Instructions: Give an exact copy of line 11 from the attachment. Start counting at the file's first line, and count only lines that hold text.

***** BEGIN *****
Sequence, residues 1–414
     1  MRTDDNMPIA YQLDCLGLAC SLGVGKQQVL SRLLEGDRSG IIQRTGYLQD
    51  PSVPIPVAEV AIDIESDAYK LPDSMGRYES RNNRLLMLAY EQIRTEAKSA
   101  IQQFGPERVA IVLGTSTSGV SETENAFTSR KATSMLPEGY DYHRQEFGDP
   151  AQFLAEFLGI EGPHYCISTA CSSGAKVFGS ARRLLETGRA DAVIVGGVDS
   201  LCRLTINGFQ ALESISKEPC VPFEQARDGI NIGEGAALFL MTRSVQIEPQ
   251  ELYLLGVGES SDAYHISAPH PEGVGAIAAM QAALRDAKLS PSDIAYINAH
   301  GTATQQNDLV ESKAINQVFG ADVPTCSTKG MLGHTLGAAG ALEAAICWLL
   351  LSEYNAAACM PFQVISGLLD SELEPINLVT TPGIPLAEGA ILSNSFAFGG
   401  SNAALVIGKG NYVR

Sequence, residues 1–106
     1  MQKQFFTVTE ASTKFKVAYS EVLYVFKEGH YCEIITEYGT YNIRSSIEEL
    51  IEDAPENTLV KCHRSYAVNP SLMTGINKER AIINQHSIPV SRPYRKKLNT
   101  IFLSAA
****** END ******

Sequence, residues 1–106